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Peak farming groups contact Aus Bankers Association on $1bn crop crisis; lawyers to advise farmers at meeting on 5 Oct

Posted by gmarkets on 2 October, 2007

At least four peak farming associations in the nation’s main grain-growing states have jointly written to the Australian Bankers’ Association to try to head off a looming crisis that could force more farmers to the wall, wrote Siobhain Ryan in The Australian (27/9/2007, p.4).

Transfer of wealth, to banks: West Australian Farmers Federation grains president Derek Clausen said: “I wouldn’t be at all surprised if the size of the problem didn’t get towards $750 million to $1 billion in wealth that’s just going to be transferred from the growers to the financial institutions. I think the problem is widespread. I know of two growers in Western Australia that have written cheques totalling $1.4 million between them to cover their exposure.” Farmers who, for example, took out a contract early in the year to supply 1,000 tonnes of wheat on harvest at $220 a tonne were now seeing their crops devastated by drought while prices have nearly doubled on the world market. Some would be forced to buy wheat at higher prices to make up their harvest shortfalls and close out their contracts.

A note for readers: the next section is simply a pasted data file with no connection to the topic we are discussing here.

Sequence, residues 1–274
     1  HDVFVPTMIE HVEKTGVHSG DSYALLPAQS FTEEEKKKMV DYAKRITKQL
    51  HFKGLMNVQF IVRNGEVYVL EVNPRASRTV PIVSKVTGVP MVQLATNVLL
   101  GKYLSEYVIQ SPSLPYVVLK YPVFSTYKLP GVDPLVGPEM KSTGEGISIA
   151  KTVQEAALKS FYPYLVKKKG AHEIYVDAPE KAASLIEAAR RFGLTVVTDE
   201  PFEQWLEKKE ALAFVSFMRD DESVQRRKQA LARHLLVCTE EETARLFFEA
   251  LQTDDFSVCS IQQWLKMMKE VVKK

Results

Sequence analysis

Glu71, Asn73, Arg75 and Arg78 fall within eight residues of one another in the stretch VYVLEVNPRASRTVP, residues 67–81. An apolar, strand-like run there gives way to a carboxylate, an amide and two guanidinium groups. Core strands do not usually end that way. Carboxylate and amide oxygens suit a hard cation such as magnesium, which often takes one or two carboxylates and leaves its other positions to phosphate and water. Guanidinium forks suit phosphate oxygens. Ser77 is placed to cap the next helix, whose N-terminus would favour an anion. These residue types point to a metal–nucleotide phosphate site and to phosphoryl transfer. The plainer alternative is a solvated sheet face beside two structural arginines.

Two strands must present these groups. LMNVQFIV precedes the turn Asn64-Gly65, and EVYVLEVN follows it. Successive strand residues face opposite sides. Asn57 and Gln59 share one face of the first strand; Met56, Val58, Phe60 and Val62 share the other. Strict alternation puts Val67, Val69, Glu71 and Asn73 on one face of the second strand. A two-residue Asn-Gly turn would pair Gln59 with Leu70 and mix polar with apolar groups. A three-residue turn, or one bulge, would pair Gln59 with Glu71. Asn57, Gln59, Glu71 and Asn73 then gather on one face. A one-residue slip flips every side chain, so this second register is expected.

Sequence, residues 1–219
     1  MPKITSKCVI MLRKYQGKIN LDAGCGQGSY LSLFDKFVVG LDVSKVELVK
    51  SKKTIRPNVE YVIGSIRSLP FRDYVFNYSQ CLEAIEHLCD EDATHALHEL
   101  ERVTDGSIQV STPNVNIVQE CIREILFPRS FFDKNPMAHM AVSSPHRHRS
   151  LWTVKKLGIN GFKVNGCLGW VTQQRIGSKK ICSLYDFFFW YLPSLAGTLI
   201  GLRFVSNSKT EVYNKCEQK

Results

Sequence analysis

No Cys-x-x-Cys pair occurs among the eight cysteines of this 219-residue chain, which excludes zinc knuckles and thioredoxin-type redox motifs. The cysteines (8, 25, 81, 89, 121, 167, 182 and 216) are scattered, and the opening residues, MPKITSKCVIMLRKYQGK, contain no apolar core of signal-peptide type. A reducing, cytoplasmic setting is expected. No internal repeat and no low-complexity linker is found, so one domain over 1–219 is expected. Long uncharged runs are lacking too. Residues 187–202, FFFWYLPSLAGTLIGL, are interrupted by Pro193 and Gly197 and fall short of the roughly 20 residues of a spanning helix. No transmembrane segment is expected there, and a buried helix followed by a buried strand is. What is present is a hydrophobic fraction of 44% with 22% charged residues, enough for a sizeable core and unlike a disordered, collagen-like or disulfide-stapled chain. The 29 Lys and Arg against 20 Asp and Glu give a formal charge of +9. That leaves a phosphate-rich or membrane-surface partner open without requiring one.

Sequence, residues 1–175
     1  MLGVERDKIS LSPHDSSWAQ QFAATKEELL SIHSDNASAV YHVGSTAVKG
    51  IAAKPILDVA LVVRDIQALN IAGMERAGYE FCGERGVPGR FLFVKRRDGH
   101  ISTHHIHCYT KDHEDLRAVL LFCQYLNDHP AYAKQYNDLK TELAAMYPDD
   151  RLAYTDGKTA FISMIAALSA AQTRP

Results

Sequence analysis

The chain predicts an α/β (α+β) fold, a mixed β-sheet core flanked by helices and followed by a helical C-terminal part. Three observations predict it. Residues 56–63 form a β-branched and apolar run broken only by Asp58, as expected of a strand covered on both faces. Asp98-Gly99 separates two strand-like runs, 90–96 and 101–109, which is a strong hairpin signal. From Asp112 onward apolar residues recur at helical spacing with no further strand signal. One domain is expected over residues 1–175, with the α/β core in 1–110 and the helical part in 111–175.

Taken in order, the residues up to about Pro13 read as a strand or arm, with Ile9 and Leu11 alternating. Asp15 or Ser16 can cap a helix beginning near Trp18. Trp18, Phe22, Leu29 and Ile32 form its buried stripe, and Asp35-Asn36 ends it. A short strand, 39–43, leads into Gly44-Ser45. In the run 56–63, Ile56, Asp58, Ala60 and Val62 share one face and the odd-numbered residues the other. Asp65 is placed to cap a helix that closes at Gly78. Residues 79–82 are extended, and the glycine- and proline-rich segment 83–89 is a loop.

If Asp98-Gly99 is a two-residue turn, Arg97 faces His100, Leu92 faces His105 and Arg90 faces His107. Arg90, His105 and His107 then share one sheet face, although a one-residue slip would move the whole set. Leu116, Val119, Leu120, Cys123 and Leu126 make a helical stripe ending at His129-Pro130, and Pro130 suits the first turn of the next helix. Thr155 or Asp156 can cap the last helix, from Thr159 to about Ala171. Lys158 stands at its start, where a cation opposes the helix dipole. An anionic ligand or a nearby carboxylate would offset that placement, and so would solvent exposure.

Acts of God: The Victorian Farmers Federation invited legal firms to advise on options for farmers at a special meeting on October 5. VFF grains vice-president Andrew Weidemann said they were likely to discuss the quality of advice contract-sellers gave to farmers, and whether get-out clauses such as Act of God provisions applied. “I guess that’s really where any form of legal action may come from, if at all,” Weidemann said. The number of growers with contracts but without the crop to fill them was unknown, he said. He estimated that as many as 80 per cent in his area could have taken out forward contracts.

Meetings to be held: Several of the main grain marketers who sold the forward contracts, including AWB, have been invited to front affected growers in the South Australian town of Pinnaroo on 28 September. Another meeting was likely on the Eyre Peninsula next week. As of late yesterday, the Australian Bankers’ Association had not replied to requests for data on the number of growers caught with the contracts and how deeply in trouble they were, the farmers’ groups said.

The Australian, 27/9/2007, p. 4

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